Political maturity was never even a major criterion for constitutional progress. Other factors explain why it took 20 long years from 1948 for the island to achieve full internal self-government and ultimately independence
Mauritians rallying for Independence in London – 1965
In one of his interviews, Sir Veerasamy Ringadoo, a former President of Mauritius put forward the view that Mauritius should have obtained its independence in the late 1950s because he thought that Mauritius was far more advanced than many colonies that were progressing fast towards independence. He and Dr Seewoosagur Ramgoolam had been advocating in favour of constitutional changes in the 1950s. His main argument probably rested on the political maturity of the population. Although he was right with regard to political maturity as Mauritius had a political elite that could easily take over from the British administration, political maturity was never even a major criterion for constitutional progress. Other factors explain why it took 20 long years from 1948 for the island to achieve full internal self-government and ultimately independence. The present Constitution of Mauritius was promulgated on 12th March 1968, and its making over such a long period can best be understood by looking at various forces which shaped the making of the constitution and by placing them in their historical context.
Under the old constitution
For having been a French and British colony respectively, Mauritius inherited their laws and institutions and also a number of associated values. Without going further back at the early development of our political institutions, a good and convenient starting point is the constitution of 1885 which lasted up to 1947. It provided for a semi-elective Council. For the first time we had general elections and the legislative council was made up of both elected members and others nominated by the Governor. Only a small number of people had the right to vote. In 1946, only 11,844 people had the right to vote in a population of 500,000. For about 60 years, the majority of the population had no say in the way the island was governed or in the laws which were passed. Inevitably, under pressure from the new progressive elite of the country, the right to vote and a say in the government of the day became burning political issues.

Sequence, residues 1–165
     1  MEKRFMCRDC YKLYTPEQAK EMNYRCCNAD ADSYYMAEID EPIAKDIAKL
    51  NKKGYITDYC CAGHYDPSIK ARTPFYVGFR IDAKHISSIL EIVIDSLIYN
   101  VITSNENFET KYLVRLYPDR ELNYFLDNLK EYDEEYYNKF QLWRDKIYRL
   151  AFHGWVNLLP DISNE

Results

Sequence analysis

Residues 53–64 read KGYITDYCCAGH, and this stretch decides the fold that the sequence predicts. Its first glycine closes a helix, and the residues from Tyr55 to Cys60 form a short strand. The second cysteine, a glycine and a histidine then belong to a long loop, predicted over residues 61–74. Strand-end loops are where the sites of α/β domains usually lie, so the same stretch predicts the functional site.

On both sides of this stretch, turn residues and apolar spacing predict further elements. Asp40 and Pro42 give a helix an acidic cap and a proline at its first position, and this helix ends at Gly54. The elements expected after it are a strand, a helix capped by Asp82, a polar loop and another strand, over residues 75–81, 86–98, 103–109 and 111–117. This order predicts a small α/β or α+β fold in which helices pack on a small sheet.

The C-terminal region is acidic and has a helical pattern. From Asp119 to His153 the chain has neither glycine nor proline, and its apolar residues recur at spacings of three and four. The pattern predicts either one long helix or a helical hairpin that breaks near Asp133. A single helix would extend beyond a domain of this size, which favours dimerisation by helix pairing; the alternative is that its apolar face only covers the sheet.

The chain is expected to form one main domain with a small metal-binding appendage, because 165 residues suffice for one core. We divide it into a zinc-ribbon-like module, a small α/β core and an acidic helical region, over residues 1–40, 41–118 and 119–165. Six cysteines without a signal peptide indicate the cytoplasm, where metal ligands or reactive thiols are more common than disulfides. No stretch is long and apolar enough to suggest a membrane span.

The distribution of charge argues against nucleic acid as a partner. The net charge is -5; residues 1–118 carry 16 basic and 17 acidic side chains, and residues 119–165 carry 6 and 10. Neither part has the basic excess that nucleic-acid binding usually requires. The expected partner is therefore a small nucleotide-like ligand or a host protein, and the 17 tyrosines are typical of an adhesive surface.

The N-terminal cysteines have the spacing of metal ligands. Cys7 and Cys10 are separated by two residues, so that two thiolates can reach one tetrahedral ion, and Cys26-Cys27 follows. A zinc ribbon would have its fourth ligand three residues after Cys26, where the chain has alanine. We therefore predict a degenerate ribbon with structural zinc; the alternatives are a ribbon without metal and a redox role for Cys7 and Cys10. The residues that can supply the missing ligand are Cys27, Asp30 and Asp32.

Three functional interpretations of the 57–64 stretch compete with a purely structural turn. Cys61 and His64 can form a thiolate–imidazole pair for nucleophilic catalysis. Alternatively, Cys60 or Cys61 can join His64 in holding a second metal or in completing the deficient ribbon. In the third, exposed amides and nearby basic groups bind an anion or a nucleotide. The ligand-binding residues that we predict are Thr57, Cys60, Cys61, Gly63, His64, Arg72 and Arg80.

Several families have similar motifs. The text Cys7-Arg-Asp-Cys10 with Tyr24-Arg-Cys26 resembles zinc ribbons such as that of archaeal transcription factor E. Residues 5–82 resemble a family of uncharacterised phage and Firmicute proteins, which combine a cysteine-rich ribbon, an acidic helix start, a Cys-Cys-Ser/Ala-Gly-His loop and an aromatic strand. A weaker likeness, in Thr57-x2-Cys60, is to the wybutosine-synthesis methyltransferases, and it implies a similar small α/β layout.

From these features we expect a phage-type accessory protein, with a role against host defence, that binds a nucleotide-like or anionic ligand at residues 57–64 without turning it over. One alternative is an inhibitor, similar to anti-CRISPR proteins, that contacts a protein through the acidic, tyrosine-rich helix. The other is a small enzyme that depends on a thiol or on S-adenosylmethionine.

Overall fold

Though in the past the demand for reform of the constitution was resisted by the colonial government and the white oligarchy, in 1947 a new constitution was granted. The labour unrest of 1937 and the report of the Hooper Commission following the unrest had forced some rethinking on constitutional development on the part of the colonial authorities. The Hooper Report noted that ‘we understand that the question of adjusting political representation in Mauritius is already engaging the attention of His Majesty’s Government and in these circumstances we feel that this cause of unrest will be adequately dealt with.’ At the Colonial Office too, there was already some thinking about constitutional matters for the colonies in the late 1930s. The outbreak of the Second World War postponed any action. In the West Indies, the West India Royal Commission was also recommending constitutional changes for the West Indian colonies.
Finally, the end of the war in 1945 created a new situation which could only speed up changes. The colonial powers – England, France, Holland and Italy – had been weakened by the war; the emergence of two non-imperialist powers, United States and Russia, together with the establishment of the United Nations ushered in the era of decolonization. Old ways of governing could no longer continue. There was pressure for quicker changes worldwide. India was granted independence in 1947, and other colonies followed the same path.
Britain had to embrace change for other reasons too. Britain desperately needed the resources of the colonies as she was a debtor nation and in return was willing to make certain concessions. This does not mean that she was willing to relinquish its colonies. Far from it. In fact she wanted to tighten control to extract the maximum resources during what is known as the second colonial revolution. She also wanted to win over the colonies by granting certain constitutional changes so as not lose the initiative. These grudging minimal concessions and incremental changes, more often superficial, were granted in various stages. This was partly the result of indecision by British governments and ministers which marked their ‘East of Suez’ policy right up to the 1970s.